With the exception of Ronald Reagan, no other modern-era president has proven as successful and significant as has President Donald Trump.
In just three short years the president hasn’t only pushed back against the disastrous eight years of Barack Obama, but the also the significant failures of past presidents, be they Republican or Democrat, over the last 30 years.
Read on to learn more.
What “America First” Looks Like
U.S. energy production continues to rise, given even more federal lands have been opened up to leasing. Frackers and horizontal drillers no longer feel that they are enemies of the people, but are recognized as saviors who provide America with flexibility in foreign policy and inexpensive energy for the middle classes. In 2017, the United States became the largest producer of oil in the world. Gas prices in real dollars remain low.
Abroad, most of the traditional talking points of conservatives have been reified. The U.S. embassy to Israel is now in Jerusalem. The Golan Heights are not going back to the murderous Assad regime. Hundreds of millions of dollars less in U.S. aid not being rerouted through the United Nations to a corrupt Palestinian authority. The Iran nuclear deal is toast. Iran is not growing its tentacles over Syria and Iraq, but is broke and reeling.
The only irony is that those who used to demand such action blast Trump as a failure for actually turning their parlor talk into reality.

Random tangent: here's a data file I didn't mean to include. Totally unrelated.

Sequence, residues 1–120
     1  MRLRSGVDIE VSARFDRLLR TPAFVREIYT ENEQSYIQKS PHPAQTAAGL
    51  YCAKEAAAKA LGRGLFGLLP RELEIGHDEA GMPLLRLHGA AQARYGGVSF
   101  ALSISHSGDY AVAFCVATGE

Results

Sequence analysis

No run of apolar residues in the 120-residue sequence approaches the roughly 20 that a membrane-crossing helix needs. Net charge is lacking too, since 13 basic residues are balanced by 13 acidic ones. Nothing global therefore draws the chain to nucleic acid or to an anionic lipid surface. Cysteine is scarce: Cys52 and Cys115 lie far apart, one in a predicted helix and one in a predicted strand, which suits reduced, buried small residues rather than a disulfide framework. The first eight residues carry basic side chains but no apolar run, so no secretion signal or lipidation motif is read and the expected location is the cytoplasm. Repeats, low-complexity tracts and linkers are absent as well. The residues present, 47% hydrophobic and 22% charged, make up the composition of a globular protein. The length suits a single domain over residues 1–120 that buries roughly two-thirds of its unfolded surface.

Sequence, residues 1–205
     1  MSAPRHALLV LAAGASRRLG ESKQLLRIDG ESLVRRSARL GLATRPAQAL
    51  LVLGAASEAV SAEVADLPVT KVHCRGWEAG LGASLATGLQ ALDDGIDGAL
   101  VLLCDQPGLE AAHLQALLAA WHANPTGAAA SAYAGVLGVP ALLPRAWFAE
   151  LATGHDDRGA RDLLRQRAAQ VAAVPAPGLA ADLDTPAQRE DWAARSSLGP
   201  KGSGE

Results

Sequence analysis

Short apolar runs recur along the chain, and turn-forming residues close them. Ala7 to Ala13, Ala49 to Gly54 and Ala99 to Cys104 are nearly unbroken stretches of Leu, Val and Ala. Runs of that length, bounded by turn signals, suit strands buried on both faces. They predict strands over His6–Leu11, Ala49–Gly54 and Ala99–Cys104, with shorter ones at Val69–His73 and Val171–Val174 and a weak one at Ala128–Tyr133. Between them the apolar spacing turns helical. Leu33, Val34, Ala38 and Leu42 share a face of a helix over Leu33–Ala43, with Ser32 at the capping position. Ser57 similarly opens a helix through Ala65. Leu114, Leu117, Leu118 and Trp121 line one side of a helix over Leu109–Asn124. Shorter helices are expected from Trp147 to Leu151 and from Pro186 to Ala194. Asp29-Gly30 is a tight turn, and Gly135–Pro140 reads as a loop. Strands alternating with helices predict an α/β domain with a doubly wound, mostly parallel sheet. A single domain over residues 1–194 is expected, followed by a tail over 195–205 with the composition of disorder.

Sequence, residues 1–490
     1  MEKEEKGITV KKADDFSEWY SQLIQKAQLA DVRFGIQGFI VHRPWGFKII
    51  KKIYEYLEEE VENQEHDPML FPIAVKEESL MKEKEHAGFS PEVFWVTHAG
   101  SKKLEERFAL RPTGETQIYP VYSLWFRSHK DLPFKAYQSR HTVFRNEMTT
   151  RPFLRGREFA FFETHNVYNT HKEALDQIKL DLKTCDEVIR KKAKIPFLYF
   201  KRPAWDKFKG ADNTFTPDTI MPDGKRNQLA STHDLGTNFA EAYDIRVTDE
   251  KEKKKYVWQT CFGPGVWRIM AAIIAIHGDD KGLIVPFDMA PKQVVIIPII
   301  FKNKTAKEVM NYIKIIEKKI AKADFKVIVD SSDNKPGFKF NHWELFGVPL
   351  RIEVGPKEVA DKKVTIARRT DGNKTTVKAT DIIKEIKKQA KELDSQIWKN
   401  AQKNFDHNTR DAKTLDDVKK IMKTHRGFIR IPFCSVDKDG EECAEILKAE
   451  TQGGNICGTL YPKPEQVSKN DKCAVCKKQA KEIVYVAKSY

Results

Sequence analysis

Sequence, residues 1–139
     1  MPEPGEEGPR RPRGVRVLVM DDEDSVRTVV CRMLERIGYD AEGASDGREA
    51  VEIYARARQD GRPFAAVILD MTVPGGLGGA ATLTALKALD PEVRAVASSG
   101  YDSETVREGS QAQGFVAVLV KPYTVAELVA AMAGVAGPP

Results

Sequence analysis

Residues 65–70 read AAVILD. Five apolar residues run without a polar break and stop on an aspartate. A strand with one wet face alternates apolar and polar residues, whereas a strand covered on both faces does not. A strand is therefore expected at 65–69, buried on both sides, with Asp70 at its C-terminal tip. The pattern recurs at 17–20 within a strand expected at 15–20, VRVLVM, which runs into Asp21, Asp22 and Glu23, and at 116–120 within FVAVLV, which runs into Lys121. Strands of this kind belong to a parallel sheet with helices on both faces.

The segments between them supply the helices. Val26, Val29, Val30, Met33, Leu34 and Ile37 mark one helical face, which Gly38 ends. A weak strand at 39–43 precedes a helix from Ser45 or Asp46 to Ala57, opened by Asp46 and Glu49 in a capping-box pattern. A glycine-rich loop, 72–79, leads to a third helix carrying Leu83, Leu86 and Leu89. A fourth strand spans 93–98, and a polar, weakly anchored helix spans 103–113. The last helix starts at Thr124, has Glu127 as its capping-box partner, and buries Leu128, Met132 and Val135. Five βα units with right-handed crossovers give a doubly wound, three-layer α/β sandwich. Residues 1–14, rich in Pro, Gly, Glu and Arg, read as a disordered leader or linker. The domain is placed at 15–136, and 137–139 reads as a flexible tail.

Was Reagan a failure in 1983 and early 1984, as he sought to liberate the economy and break inflation—as the economy went into a tailspin? Or was he savior by election time 1984 as the economy was growing over 7 percent per year?
For better or worse, we are now fundamentally recalibrating the United States—not just redressing the prior Obama transformation, but the policies of past Republican administrations as well. And no one quite knows where it will end, given that almost all our experts who swore in January 2017 that the economy would tank were wrong. They were wrong again with their prediction of a late summer 2019 recession. And they may well be wrong again that confronting China would ensure a global trade cataclysm. Never underestimate how greatly the hatred of Donald Trump can warp the mind of a Ph.D.
Fear of Trump’s Success Underneath It All
So we are watching a great experiment, as all of our past de facto assumptions about regulations, immigration, identity politics, trade, workers’ wages, manufacturing, the Middle East, China, Russia, and overseas interventions are all at once under sometimes chaotic reexamination.
We won’t know to what degree Trump won his battles against a now hard-leftist Democratic Party, the NeverTrump Right, the media, the academic and cultural elite, Silicon Valley, Hollywood, and the Washington deep state until he finishes his first term. In 2020 the people will decide whether such risks were worth taking. But the idea that Trump has “failed,” when the economy is booming, the United States is energy independent, the border is becoming a border again, China is on notice that the past 30 years of appeasement are over, the military is far stronger, and U.S. foreign policy is being radically recalibrated is absolutely absurd.
Impeachment was never about Trump’s failures, but about fears of his perceived successes.
The Left, far better than the NeverTrump Right, grasped that Trump is succeeding, and that it has little traction in demanding economic, energy, immigration, trade, and regulatory alternatives. Its lunatic multi-trillion-dollar proposals ensure that it cannot attack Trump on the deficit where he is weakest.
As a result, the Left rightly concluded that its only hope to save the progressive agenda is to destroy Trump before the people can vote on his agenda, which they rightly fear is succeeding.